In short, 81.6 wins would be nice, but I wouldn't bank a year's worth of contentment on that result.

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Outside of the lamentably occasional review of this blog's favorite minor league pitcher, I don't focus too much on the minor leagues. That will change during the upcoming season, at least to an extent; if the Lernastens want us to look to the future, we might as well look to places from where the future will reveal itself, even if the current occupants of those places might not themselves be in our future. To state that less confusingly, although I'm not a prospecthound or even a wannabe prospecthound, I should probably focus on the minors a bit more.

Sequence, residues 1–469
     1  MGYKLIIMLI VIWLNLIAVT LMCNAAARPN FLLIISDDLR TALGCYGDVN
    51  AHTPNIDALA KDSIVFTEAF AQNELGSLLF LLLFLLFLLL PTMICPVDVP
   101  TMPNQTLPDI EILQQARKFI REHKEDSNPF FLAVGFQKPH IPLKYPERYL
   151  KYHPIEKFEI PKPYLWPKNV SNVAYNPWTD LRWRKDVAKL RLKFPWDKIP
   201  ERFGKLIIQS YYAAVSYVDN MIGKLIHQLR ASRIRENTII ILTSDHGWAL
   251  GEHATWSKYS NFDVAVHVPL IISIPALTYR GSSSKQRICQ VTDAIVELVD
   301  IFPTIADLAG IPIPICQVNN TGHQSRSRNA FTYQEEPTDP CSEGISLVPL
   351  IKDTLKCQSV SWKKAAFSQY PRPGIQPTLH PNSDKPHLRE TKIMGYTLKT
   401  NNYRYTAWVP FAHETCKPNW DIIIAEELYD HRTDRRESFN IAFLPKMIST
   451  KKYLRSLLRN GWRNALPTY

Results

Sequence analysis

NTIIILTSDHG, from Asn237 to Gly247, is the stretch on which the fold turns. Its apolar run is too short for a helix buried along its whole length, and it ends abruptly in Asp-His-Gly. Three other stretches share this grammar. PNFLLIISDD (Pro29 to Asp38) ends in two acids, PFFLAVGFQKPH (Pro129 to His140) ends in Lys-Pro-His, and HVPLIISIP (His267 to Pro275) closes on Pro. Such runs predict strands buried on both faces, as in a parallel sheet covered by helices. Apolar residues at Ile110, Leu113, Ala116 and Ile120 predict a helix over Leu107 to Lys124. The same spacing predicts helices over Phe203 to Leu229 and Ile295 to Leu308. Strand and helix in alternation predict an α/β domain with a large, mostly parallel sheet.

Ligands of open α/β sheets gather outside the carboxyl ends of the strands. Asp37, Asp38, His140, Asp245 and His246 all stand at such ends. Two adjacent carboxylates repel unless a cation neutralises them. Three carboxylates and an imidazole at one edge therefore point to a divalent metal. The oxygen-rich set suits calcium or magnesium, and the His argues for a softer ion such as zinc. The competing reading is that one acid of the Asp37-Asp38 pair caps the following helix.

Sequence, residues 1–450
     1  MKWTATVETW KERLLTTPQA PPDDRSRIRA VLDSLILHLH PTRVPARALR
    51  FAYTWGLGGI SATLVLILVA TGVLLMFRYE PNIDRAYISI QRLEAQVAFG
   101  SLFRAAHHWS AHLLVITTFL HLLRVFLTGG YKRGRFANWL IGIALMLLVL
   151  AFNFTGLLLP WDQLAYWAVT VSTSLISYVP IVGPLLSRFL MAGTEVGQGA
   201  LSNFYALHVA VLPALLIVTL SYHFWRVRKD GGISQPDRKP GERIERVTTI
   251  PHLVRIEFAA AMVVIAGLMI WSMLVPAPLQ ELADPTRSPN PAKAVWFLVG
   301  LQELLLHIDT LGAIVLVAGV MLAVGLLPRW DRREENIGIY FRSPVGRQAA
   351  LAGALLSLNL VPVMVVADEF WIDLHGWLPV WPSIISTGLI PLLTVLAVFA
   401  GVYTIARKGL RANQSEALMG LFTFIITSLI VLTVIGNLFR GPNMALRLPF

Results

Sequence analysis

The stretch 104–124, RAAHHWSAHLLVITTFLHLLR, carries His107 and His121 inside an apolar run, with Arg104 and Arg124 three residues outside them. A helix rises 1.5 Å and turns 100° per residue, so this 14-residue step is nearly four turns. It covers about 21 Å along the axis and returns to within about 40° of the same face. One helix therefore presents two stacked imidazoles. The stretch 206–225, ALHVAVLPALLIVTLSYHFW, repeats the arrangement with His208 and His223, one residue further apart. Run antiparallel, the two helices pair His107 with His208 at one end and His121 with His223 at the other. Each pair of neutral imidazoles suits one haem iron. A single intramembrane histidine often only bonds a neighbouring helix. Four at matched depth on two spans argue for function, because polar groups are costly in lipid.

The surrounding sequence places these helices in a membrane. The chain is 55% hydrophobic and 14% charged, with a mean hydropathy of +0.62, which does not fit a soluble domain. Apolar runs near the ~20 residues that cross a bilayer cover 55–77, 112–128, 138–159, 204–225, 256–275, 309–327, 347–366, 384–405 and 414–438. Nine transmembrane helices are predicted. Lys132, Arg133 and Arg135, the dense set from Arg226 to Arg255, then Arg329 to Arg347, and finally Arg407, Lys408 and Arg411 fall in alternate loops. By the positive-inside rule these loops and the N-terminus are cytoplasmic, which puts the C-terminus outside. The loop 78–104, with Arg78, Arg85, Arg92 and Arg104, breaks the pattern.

Of course, there are always sources to inform and supplement this attention. Just today, for instance, Nats Farm Authority published an interview with prospects guy Deric McKamey, who opined on the state of the organization's farm system. Read the whole interview, but for a brief synopsis: McKamey's choices for the top three organizational prospects have combined for like two weeks of professional experience. While you filter out the slight hyperbole in that statement, read it again---and then consider the No. 4 guy is a Rule 5 pick from another organization.

In all, six of McKamey's top ten weren't in the organization twelve months ago, and a seventh, Justin Maxwell, was drafted in June 2005. Among the three remaining guys---Kory Casto, Colin Balester, and Clint Everts---only one, Casto, has performed to expectations.

I don't mean to sound so dour about the minors, though. Things could look dramatically different in a year, after Smiley Gonzalez, Chris Marrero, Colten Willems, and the rest of the Class of 2006 starts developing a track record. Plus, the Nats hold the sixth pick and several compensation picks in next June's draft. By my recollection, the talent lined up for the '07 is viewed as considerable.